Halifax Massachusetts, 1890

Halifax lies in the central part of Plymouth County, 28 miles southeast of Boston by the Old Colony Railroad, which passes along its northeastern border. It has for its boundaries Hanson and Pembroke on the north; Jones River Pond and Plympton on the east; the latter and Middleborough on the south; and Bridgewater and East Bridgewater on the west. Its assessed area is 9,378 acres; about one half of this being more or less wooded.

The land in the eastern part of the town is level; in the western; part diversified by gradual swells and valleys. Monponset Pond, a beautiful sheet of water about two miles long by half a mile broad, lies in the northern part of the town; and there are a series of small ponds across the town from this to Robbin's Pond, in Bridgewater, just over the western line. Great Cedar Swamp extends from the centre of the town over the northern line. The Winnetuxet River, a narrow and circuitous stream, flows through the southwestern section of the town, and joins the Titicut in Bridgewater. Vessels were formerly built upon this river, and floated down to the Taunton River and thence to Newport. There are some valuable beds of peat in this place, and graywacke and granite constitute the geological formation. The soil is sandy loam. The greenhouse and hotbed products are large in comparison to the usual crops. The value of the aggregate product of the 103 farms, in 1885, was $65,940. There are several saw mills and a wooden-box mill in the town, the last employing from seven to ten persons. A few persons are engaged in making boots and shoes; and there are two or three other articles made in small quantities. The aggregate value of manufactured products in the last census year was $37,821. The valuation in 1888 was $247,464; and the tax-rate was $13.60 on $1,000. The inhabitants numbered 530; and their dwellings, 142. There are 140 legal voters. The public schools occupy four buildings, valued at upwards of $1,500. There is a public library of upwards of 1,500 volumes. The Congregationalists, Baptists and Universalists have churches here. The town is very healthful, and the wealth is distributed among the people very equally.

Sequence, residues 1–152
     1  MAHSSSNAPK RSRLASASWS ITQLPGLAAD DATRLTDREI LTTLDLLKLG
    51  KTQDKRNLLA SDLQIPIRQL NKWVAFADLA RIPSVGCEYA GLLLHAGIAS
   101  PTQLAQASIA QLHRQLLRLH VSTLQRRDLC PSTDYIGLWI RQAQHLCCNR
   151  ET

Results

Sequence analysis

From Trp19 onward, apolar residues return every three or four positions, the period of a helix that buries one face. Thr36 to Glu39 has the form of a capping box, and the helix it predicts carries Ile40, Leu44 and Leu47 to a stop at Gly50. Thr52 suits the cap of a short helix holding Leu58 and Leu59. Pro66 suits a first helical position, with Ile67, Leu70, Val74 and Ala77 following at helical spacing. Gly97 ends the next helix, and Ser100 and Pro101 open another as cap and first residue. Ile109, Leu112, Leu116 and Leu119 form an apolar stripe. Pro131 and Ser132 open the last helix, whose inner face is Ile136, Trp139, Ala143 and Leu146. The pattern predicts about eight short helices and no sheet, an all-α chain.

The place was originally settled by the direct descendants of the Pilgrims; and among the names of its early citizens are those of Sturtevant, Thomson, Bosworth, Briggs and Waterman. A church was built in 1733; and John Cotton, author of "The History of Plymouth Church," was the first minister. In the great swamp in this town Captain Benjamin Church captured the Monponsets in the summer of 1676," and brought them in, not one escaping. From this tribe the place had its early name. Its present name was given at the incorporation, July 4, 1734, in honor of the Duke of Halifax. Its territory was taken from Plympton, Middleborough, Pembroke and Bridgewater.

Halifax bore its part handsomely in the war of the Revolution; and for the war of 1812 it furnished an entire company, under Captain Asa Thompson, who was known as the "Tall Captain," being six feet and six inches in height. This company was chartered by Governor John Hancock in 1792. Its existence was maintained continuously; and it served also in the late Rebellion. In this war the town lost 24 out of the 96 men furnished. In 1867 it erected on the square in front of the Congregational church, at an expense of $1,000, a granite monument to their memory.

pp. 351-352 in Nason and Varney's Massachusetts Gazetteer, 1890